The U.S. Food and Drug Administration has approved the 2012-13 influenza vaccine formulation for all the six manufacturers licensed to produce and distribute the vaccines in the U.S.
The experts from the Centers for Disease Control and Prevention, World Health Organization, and other health experts study influenza virus samples and the global disease patterns to identify virus strains likely to cause the most illness during the upcoming flu season.
The strains selected to be included in the 2012-13 flu vaccines are A/California/7/2009 (H1N1) like virus, A/Victoria/361/2011 (H3N2) like virus and B/Wisconsin/1/2010-like virus. These virus strains have been selected based on the information and the recommendations of the FDA’s vaccines and related biological products advisory committee.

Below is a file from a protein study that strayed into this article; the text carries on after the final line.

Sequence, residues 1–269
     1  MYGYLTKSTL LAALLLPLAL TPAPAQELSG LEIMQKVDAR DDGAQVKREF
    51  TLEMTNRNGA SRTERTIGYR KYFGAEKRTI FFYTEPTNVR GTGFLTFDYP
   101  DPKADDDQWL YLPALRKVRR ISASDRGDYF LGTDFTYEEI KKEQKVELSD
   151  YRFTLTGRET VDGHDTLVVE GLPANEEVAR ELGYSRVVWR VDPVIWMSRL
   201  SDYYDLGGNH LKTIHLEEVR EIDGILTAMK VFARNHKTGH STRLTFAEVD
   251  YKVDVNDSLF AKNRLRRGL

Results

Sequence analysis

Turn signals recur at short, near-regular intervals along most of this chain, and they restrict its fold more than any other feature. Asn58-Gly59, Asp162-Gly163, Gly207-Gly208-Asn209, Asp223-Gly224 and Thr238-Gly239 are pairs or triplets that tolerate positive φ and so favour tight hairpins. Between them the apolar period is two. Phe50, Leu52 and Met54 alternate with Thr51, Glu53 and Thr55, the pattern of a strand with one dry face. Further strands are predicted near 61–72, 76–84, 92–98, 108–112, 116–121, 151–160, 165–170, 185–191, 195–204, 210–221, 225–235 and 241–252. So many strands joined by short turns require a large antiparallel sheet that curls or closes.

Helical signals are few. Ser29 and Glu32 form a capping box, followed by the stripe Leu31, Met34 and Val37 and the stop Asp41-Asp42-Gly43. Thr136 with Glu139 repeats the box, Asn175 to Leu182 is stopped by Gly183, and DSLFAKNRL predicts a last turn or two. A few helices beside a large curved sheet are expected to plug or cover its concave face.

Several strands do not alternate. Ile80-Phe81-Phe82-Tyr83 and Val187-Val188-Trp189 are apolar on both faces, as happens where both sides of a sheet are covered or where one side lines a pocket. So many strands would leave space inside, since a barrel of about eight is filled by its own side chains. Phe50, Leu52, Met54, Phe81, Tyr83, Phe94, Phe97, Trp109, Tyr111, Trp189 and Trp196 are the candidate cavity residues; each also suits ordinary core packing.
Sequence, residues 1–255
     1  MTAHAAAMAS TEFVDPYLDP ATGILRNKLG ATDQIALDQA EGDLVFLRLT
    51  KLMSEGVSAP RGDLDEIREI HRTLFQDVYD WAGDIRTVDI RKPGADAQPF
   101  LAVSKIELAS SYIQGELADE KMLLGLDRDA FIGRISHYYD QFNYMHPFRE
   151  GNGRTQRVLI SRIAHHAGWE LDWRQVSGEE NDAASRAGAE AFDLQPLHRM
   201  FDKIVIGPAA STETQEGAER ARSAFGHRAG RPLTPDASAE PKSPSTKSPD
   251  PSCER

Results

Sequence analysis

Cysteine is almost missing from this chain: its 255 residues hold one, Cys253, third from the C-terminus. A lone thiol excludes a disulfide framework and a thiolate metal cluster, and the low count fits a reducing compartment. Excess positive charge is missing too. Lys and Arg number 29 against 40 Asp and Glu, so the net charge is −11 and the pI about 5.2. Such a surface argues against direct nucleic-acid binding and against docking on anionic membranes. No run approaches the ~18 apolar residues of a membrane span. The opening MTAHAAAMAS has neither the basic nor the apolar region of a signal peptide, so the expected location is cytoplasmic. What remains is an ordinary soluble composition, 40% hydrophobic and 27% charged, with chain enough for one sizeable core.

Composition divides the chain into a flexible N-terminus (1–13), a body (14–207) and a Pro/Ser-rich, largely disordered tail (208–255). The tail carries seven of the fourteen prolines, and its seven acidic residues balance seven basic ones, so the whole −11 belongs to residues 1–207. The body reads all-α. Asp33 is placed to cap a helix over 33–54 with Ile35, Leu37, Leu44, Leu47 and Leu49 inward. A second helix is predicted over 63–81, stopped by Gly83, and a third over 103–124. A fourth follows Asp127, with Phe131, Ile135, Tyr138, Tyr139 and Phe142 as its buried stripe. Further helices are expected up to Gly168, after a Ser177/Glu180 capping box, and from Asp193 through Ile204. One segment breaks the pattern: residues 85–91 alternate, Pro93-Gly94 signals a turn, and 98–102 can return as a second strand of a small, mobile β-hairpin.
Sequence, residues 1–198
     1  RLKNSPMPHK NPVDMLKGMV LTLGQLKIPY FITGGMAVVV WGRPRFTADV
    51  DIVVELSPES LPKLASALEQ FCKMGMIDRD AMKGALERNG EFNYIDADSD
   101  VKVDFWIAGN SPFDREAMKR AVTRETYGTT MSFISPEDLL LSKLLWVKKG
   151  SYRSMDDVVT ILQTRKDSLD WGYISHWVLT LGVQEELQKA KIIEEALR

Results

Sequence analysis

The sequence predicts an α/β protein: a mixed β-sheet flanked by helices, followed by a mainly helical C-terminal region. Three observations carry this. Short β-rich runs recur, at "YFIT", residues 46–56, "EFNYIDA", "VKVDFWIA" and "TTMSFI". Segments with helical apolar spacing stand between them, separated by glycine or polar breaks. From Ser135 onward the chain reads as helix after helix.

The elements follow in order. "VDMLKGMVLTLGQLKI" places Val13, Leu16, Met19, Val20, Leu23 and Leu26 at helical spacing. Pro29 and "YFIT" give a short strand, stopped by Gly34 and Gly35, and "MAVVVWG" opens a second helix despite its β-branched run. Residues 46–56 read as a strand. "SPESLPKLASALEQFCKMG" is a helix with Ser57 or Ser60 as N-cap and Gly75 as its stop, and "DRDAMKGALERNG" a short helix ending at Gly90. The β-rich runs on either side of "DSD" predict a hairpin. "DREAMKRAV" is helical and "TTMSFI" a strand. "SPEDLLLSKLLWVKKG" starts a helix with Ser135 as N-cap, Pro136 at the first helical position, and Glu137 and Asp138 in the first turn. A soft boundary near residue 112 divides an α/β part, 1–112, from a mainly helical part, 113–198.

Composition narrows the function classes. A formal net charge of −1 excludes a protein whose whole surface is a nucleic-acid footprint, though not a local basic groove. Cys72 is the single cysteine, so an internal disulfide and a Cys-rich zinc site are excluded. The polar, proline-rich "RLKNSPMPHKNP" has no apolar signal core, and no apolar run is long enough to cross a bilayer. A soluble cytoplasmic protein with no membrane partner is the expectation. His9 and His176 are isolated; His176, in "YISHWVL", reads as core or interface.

The H1N1 virus is the same as what was included in the 2011-12 influenza vaccines and this year’s influenza H3N2 and B virus differs from those in the 2011-12 influenza vaccines.
The seasonal vaccines will provide protection against three influenza virus strains.
Karen Midthun, MD, director of the FDA’s Center for Biologics Evaluation and Research said, “The best way to prevent influenza is by getting vaccinated each year.” He also said, “It is especially important to get vaccinated this year because two of three virus strains used in this season’s influenza vaccines differ from the strains included in the last year’s vaccines.”
In U.S., between 5%-20% population suffers from influenza. This leads to hospitalization and as the influenza seasons are unpredictable. They can be severe with annual influenza-related deaths ranging from a low of about 3,000 to a high of 49,000 people. Thus, CDC’s Advisory Committee on Immunization Practices, recommends that everyone in six months of age and older receive an annual influenza vaccine.
Influenza is an infectious disease caused by RNA viruses of the family orthomyxoviridae that affects mammals and birds. The symptoms for the cause of this disease are fever, chill, muscle pains, coughing and general discomfort.